As a travel hacking newbie, we recognize how hard it is to keep up with all the new vocabulary and rules. Hence, we give you our Travel Hacking FAQs. We will give you a short explanation and link you to our articles that give you a more detailed explanation.
In a nutshell, it is this:
Minimum spend is the minimum amount of spending you must put on a credit card in order to get your bonus. This differs from card to card. We advise putting all expenses that you can on a credit card and not using cash or debit cards. We also advise meeting your minimum spend through normal, everyday spending and not on whims. Do NOT get into credit card debt. We also recommend opening up a new card when you have a big purchase coming up. This will make it a lot easier to hit that minimum spend.
My credit scores are higher than they were when I started. We all have credit scores over 800. So do our spouses. This is definitely one of the most common travel hacking myths. Of all the travel hacking FAQs, this might be the one we get the most! Here are the basics to remember; pay off your card in full and on time each month, and don’t close your oldest cards.
People often wonder if their credit score will go down if they open and close a bunch of credit cards. In reality, we don’t close that many of our cards. We keep ones that don’t have an annual fee or if the benefits outweigh the annual fee. If we don’t find the benefits worth the fee, then we look to downgrade that card to a no-annual-fee version. If there is no downgrade option, then we cancel. You can learn more about whether or not you should cancel a card in this post.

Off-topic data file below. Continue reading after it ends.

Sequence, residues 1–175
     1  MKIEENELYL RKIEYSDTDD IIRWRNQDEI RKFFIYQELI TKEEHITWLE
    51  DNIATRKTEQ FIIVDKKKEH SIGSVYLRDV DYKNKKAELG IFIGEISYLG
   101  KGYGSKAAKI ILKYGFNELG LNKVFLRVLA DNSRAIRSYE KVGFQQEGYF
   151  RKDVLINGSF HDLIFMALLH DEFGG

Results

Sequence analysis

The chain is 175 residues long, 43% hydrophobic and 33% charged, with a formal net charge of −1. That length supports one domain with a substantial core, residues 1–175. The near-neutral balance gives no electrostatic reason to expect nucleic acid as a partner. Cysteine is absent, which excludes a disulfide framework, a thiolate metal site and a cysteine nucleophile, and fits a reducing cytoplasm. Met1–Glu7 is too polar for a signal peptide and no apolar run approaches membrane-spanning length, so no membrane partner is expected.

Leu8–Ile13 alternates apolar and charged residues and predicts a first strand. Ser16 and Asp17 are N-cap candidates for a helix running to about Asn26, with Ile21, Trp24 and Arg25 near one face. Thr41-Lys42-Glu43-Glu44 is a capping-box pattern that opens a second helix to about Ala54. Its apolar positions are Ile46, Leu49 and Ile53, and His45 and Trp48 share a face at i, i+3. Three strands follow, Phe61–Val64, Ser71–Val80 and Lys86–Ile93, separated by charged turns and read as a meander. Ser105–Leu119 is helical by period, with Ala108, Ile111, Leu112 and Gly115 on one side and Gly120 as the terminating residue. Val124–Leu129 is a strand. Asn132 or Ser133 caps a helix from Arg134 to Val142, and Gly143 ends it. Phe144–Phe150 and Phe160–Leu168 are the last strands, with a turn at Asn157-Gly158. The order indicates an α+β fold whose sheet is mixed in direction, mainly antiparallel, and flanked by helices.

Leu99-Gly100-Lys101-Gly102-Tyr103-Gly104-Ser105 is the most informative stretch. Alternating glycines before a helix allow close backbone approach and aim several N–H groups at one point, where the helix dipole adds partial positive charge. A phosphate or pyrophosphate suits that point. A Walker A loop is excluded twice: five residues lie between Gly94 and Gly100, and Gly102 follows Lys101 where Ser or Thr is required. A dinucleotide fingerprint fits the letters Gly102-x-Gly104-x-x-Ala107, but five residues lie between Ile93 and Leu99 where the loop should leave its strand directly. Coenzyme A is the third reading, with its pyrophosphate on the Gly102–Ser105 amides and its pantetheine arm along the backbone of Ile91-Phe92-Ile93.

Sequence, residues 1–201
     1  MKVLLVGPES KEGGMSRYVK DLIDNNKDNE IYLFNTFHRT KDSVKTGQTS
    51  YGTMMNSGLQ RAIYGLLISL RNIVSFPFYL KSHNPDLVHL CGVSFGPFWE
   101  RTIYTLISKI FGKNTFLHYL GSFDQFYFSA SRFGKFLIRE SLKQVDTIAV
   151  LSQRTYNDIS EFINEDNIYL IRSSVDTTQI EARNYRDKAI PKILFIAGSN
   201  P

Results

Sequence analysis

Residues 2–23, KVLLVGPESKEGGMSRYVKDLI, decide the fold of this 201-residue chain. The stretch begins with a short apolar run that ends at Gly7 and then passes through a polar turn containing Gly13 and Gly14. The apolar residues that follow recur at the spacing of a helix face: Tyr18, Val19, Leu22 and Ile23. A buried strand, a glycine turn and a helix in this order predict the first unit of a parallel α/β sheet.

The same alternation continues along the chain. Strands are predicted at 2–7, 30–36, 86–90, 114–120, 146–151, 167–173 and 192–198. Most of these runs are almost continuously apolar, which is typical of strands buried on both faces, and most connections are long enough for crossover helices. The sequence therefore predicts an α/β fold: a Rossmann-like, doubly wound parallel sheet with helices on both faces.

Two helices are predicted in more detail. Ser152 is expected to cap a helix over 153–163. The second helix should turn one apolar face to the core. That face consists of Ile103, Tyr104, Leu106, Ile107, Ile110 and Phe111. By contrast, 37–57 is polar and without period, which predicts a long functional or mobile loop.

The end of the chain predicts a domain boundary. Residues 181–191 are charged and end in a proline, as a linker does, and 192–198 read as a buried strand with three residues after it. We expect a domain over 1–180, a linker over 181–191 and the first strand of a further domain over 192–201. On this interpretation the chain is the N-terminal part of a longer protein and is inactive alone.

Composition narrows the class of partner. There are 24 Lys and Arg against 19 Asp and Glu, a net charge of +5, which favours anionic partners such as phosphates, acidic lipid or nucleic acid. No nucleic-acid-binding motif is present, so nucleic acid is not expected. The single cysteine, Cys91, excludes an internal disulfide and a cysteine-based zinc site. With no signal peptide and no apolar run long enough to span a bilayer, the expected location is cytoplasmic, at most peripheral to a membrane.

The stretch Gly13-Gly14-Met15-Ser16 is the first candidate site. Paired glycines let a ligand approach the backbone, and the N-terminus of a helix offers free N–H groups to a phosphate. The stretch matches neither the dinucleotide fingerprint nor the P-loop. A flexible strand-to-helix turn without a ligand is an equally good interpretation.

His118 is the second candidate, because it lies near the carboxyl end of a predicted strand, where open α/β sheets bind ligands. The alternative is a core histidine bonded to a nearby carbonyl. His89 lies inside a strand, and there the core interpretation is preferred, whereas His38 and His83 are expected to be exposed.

There are primarily three types of rewards:
Some credit cards have an annual fee, and some don’t. This annual fee can range from about $75 – $695. Usually, the annual fee offers benefits to offset the fee. For example, many hotel credit cards offer a free night every year when you renew the card and pay the annual fee. This more than makes up for the fee.
I have stayed at hotels that would cost up to $900/night with a free hotel night certificate. The first year, when you receive the signup bonus, the annual fee is always worth it. For example, the Chase Sapphire Preferred has a standard welcome offer of 60,000 points. This is worth a minimum of $750 towards travel. The card has an annual fee of $95, but I will happily pay $95 to get $750+ of travel!
Definitely not! Remember this travel hacking FAQ – it is super important. Wait until your annual fee posts, and then cancel before the fee is due. You want to keep that card for 12 months, so your points aren’t clawed back (taken back). Also, check out if you will lose points if you cancel the card. If you will lose points, you can sometimes downgrade your card to a no-fee card to keep your points. Each year when your annual fee comes up, you have time to decide whether to keep, downgrade or cancel your card.
This can be a hard choice because there are so many great credit cards with great rewards. We try to keep you updated on the best bonuses, so sign up for our newsletter to keep updated. We also have a best offers page that we keep updated with all the best current credit card offers.
The Chase 5/24 rule is an unwritten rule from Chase Bank that says if you have opened five or more cards in the last 24 months, you won’t be approved for any more Chase cards until you go under 5/24 again. This doesn’t just apply to Chase-issued cards; ANY credit card you have opened from any company counts towards your 5/24 count. This includes any Amex credit cards, store credit cards, etc.
The exception to this is business cards. Those do not count toward your Chase 5/24 count. Chase issues some of the very best credit cards with great bonuses. Hence, we encourage people when starting out to get all the Chase cards they want and then branch out.
No, being an authorized user on a card also counts toward their Chase 5/24. They can still apply for the same card but will have one less Chase 5/24 spot until they get it taken off. Read more about authorized users here.
We highly recommend using Travel Freely. It is a free website and app that keeps track of your credit cards. It’ll keep you updated with your Chase 5/24 count, notify you when your annual fee deadlines are approaching, keep you updated on welcome offer deadlines, and more. It makes organization a breeze!